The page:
We love the versatility of a classic U-cut, but sometimes, we’re in the mood for more drama. Enter: the V-cut. Shorter strands in front steeply taper to meet the longer strands in back, creating an unmistakable (and unforgettable) sharp V. Pair the head-turning cut with a fantasy hue, as seen above, for extra oomph.
Give your classic bob a modern twist by having your stylist add a soft gradient of rounded layers around your face.
U-Cut With Curtain Bangs
Curtain bangs already have a rounded shape, so it only makes sense to mirror that shape with a U-cut. Use a round brush while blowdrying to give your hair a soft curl and play up the cut’s natural curve.
If you’re torn between short and long hair, consider a mid-length U-shaped haircut. The shorter pieces in front will give it the appearance of a lob—but the longer rounded back ensures you still have enough length for braids and updos.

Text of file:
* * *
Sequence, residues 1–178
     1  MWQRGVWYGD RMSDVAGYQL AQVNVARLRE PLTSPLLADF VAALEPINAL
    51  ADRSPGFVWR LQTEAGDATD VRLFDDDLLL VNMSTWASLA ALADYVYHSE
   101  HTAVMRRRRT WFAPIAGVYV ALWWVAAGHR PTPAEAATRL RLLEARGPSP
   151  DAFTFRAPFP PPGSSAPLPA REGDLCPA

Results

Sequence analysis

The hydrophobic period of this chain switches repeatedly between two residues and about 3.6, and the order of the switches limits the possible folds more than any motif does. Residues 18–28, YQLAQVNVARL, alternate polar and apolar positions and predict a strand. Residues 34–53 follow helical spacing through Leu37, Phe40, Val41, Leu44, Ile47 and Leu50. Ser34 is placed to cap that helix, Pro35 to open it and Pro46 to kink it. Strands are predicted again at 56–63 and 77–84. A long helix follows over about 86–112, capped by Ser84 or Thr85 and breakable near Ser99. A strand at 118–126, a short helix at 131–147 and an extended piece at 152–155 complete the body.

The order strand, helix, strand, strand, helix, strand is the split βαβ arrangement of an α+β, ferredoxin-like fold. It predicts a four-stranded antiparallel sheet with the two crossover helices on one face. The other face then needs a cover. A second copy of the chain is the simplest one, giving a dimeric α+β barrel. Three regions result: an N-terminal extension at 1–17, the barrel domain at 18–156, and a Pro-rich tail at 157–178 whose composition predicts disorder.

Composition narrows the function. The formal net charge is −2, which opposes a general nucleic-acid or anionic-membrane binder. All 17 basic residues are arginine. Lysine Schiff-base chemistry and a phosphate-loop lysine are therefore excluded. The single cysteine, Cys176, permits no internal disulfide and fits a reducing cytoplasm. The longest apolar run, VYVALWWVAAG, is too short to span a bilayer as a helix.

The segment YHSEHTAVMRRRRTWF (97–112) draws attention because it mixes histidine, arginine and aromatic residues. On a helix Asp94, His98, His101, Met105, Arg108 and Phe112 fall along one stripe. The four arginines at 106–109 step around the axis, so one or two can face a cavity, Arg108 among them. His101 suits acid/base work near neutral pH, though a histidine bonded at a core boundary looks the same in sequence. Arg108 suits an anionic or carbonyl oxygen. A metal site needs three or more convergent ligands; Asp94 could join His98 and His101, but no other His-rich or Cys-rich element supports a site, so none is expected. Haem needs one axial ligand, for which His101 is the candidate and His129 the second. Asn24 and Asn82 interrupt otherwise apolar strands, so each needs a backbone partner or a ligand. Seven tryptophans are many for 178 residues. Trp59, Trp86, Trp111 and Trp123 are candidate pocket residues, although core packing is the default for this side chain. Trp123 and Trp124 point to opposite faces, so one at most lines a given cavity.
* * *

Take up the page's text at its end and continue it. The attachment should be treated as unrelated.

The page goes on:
The classic V-cut is significantly shorter in the front than it is in the back. The reverse version of this cut, however, turns the concept on its head, with a shorter back and longer front pieces. Adjusting the depth of the angle determines how bold this look is: A steeper cut will yield a more angular result, while a softer transition makes for a subtler look.
Graphic V-Cut Pixie
Amplify the rock-and-roll vibes of your angled bob haircut by having your stylist trim a sharp V-shape into the very back of your mane at the nape of your neck, leaving the layers above short to expose the graphic cut. It’s an edgy, unexpected look—and a great way to experiment with an undercut without breaking out the clippers.
Shags are traditionally worn a bit messy, but they don’t have to be. Have your stylist cut your layers on a shallow angle for a softer, sleeker take on the classic ‘70s style.
Add long, face-framing fringe and barely-there layers to your bob to give it a curved shape reminiscent of a classic U-shaped haircut.
Interested in trying a U-cut for yourself? Use our salon locator to book an appointment at a salon near you.